And Lee Saunders, who took the reins of the 1.6 million-member AFSCME union in 2012, is determined to ensure that no other public-sector forced-dues state follows suit.
In a Washington Post interview, conducted shortly after Labor Day, regarding the forced dues-fueled AFSCME political machine’s objectives for this fall, Mr. Saunders vowed to get revenge on Scott Walker, Wisconsin’s GOP governor, for prodding legislators to adopt Act 10 and for signing it into law.
“We have a score to settle with Scott Walker,” Mr. Saunders bluntly announced to the Post.
But punishing Gov. Walker and Lt. Gov. Rebecca Kleefisch (R) for daring to take away some of government union bosses’ special privileges is only one of multiple objectives for the AFSCME union elite in 2014.
Lee Saunders: I Will Deploy 40,000 Union Staff, Militants For Politics
As Mr. Saunders explained to Post reporter Matea Gold, this fall AFSCME will be pouring vast sums of money, most of it exacted from workers as a condition of employment, into state after state to elect Big Labor governors who will perpetuate forced unionism.
In the “run-up to November’s elections,” he added, the AFSCME union brass will have 40,000 professional staff and rank-and-file militants “deployed in key states,” and “focused both on gubernatorial and U.S. Senate campaigns.”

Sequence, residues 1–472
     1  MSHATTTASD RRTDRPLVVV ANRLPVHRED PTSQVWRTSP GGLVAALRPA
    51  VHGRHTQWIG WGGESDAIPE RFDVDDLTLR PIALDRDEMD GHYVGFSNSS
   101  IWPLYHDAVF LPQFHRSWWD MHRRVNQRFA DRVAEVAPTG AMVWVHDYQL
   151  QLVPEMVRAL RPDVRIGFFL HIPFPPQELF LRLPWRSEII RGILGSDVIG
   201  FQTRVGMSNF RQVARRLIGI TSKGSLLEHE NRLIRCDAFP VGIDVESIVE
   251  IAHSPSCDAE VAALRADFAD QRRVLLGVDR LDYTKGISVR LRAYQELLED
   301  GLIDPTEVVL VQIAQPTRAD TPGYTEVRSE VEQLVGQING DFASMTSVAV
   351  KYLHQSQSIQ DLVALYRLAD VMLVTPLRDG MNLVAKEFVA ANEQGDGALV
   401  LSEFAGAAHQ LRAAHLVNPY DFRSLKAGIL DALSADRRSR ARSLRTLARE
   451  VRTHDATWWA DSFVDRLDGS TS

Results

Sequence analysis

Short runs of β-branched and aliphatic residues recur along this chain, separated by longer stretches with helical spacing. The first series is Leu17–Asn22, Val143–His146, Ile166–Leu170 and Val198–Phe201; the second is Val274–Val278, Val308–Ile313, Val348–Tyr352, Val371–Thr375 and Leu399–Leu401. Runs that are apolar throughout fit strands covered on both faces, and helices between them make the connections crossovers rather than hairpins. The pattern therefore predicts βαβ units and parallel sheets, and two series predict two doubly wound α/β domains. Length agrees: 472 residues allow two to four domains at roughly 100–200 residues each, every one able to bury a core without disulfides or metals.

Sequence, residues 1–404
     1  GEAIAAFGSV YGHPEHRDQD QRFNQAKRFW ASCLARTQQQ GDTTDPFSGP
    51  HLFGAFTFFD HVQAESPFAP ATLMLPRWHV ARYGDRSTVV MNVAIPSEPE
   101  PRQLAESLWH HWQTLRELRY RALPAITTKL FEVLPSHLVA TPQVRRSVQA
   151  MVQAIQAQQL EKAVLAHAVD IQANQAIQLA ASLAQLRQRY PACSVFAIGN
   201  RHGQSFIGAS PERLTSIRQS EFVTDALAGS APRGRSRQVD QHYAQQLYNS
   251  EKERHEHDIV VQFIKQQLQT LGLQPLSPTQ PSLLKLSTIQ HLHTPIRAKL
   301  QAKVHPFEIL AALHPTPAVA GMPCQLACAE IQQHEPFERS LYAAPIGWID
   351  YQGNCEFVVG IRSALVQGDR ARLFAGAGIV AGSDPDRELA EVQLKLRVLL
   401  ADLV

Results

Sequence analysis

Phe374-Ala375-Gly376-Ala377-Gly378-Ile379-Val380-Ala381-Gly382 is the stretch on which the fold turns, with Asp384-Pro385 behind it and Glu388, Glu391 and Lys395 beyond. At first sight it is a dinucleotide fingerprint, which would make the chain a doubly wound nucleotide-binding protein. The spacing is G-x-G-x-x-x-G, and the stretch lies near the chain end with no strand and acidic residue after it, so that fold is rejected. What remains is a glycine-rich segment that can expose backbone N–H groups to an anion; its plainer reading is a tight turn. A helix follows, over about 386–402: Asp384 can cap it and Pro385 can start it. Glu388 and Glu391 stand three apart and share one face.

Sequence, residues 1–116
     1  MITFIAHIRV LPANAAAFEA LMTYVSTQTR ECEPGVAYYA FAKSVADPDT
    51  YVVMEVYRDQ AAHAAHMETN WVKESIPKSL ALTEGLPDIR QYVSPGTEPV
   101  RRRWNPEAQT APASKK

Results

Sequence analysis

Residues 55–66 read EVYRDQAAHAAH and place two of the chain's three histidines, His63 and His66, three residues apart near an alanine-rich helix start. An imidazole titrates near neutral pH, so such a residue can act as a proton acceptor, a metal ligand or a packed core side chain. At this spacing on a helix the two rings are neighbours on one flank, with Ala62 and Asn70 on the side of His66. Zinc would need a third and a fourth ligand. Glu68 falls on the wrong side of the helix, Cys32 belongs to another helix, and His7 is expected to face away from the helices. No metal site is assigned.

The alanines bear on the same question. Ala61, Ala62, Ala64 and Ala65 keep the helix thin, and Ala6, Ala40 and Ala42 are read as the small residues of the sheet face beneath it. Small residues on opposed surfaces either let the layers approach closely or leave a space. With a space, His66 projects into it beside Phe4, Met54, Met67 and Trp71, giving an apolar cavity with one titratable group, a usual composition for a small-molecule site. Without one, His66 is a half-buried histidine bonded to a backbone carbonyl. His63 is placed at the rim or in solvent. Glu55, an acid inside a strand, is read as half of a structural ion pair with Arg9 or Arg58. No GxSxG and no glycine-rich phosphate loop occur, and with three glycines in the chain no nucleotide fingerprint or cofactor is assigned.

The AFSCME union political army will be doing voter I.D. and mobilization door-to-door and in workplaces as well as through phone banks.
All potential voters for pro-forced unionism candidates, and not just union members and their households, will be targeted.
And thanks largely to the forced-dues privileges they continue to wield in states where a majority of America’s state and local public servants are employed, AFSCME bosses can, to quote Ms. Gold, “muster substantial financial resources, at will.”
Act 10 Has Saved Wisconsin Taxpayers Roughly $3 Billion Since It Took Effect in 2011
During the 2010 midterm elections alone, Ms. Gold noted, AFSCME union bosses openly acknowledged pouring “roughly $90 million into local, state and federal campaign efforts.”
What is it about Act 10 that is so terrible as to prompt Lee Saunders and other czars of giant national unions to funnel so much forced-dues money into punishing Wisconsin elected officials who supported it and preventing similar reforms from being adopted in other states?
“The reality is, other than union kingpins, Badger State residents from all walks of life have benefited from Act 10,” said National Right to Work Committee President Mark Mix.
“Nonpartisan analysts essentially agree with Gov. Walker that Act 10 has saved taxpayers roughly $3 billion since it took effect.